Unforgiven - The Kinks
Young Guns - Gerry and the Pacemakers

Greg F. said...

The Godfather - The Rolling Stones
Mobsters - Wang Chung

bill r. said...

I have seen Bowfinger, and I thought that one, while funny in parts (Murphy really is great), the absurdity of it all, and the film they're making, was just too much. The satire wasn't very sharp, to me.

It wasn't just Herzog in the film, either, by the way. I thought Penn was funny, as was Michael Karnow, the actor Penn hired to pretend to be a cryptozoologist. I love when he gets annoyed with Herzog (who doesn't know he's an actor) for stepping on his improv: "You're not yes-anding me!"

And I like 30 Rock, too. Not just for Baldwin, either.

I really need to buy a copy of Deep Impact. That's a good movie, and damn those who disagree.

Volcano - ELO
Dante's Peak - The Moody Blues

I don't really know who wins that round.

Greg F. said...

Bronco Billy - Bob Dylan
The Greatest on Earth - Styx

Greg F. said...

That second circus movie should be The Greatest Show on Earth. Boy, I feel just like a Doodletown Piper.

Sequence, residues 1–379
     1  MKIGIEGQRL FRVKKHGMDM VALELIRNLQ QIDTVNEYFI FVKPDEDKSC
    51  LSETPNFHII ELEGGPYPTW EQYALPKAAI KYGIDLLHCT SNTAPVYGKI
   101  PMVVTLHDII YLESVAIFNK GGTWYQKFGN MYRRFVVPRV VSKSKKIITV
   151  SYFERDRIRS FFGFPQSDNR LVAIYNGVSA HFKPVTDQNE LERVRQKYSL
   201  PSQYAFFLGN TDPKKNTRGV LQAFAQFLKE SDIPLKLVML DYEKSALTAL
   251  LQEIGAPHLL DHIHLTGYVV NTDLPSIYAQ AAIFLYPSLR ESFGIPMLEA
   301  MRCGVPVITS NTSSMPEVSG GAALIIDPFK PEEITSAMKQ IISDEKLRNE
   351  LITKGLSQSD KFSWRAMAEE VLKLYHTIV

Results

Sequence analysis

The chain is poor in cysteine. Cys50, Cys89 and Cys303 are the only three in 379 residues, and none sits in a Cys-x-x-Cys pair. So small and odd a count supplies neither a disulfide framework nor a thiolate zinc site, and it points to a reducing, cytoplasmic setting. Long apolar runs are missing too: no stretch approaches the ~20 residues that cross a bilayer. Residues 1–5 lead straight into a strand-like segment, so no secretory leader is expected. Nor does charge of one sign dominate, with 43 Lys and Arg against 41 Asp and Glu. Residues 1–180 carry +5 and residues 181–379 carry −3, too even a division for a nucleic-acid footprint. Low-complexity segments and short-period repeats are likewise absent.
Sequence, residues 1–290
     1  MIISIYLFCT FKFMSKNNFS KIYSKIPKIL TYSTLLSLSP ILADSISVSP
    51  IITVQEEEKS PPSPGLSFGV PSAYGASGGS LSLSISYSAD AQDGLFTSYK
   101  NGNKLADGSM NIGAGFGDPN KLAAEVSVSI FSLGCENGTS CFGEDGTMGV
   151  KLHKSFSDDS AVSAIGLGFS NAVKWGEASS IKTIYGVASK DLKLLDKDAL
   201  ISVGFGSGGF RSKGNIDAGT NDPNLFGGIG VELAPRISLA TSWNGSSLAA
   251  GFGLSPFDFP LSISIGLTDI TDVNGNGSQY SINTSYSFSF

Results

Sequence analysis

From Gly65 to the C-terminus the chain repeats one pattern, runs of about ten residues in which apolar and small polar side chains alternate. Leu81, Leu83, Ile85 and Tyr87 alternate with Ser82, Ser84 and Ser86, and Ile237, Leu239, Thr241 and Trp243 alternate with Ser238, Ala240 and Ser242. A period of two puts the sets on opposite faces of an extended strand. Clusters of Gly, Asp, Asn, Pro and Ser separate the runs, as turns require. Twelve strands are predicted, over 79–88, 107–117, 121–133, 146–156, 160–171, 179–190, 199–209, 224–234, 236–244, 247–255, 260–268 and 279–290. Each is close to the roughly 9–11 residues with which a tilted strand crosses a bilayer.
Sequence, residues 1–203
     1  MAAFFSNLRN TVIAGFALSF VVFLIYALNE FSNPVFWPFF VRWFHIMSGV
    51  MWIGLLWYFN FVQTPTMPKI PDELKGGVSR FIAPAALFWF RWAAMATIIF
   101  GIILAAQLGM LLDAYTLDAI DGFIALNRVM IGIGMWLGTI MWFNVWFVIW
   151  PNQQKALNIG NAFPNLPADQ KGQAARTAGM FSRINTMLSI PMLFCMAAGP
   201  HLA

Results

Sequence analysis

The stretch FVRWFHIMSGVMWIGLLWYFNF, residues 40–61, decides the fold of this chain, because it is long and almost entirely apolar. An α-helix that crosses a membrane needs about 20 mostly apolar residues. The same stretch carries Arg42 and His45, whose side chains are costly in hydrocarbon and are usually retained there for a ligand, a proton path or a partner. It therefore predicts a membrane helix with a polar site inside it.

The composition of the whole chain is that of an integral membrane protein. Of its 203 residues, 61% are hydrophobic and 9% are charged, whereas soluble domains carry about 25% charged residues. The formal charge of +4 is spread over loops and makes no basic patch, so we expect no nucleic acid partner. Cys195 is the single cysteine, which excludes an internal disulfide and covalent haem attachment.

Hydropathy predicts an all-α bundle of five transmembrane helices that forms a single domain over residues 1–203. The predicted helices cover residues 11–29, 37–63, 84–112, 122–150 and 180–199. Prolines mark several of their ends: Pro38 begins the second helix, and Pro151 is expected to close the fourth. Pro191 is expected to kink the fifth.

And by the by, I liked Bowfinger but like Bill, I felt the movie within the movie was too stupid to work on a satirical level. Same with The Pickle.

Arbogast said...

I didn't mean the effect of Bowfinger so much as the idea.

Trading Places Wings
Bowfinger Paul McCartney

Greg F. said...

Dr. Strangelove - Miles Davis

Best Defense - Kenny G.

bill r. said...

They should put these things on the SATs.

Arbogast said...

The Thing From Another World Duke Ellington

The Thing Charles Ives

Fox said...

Christopher Guest - Hitler (and an overrated Hitler at that).
Zak Penn - who gives a fuck.

bill r. said...

Fox, I do not understand your analogy.

Krauthammer said...

I believe he is referring to the brutal chilean dictator Hoogivz Afuk.

You seem to have a bit of trouble with your spelling there Fox.

Fox said...

I've always been really bad with analogies (it's cuz after I see "anal" I start laughing and forget to read the definition of what it actually means), but thanks Krauthammer for trying to dig me out!

Arbogast said...

Zak Penn - who gives a fuck.

Not me!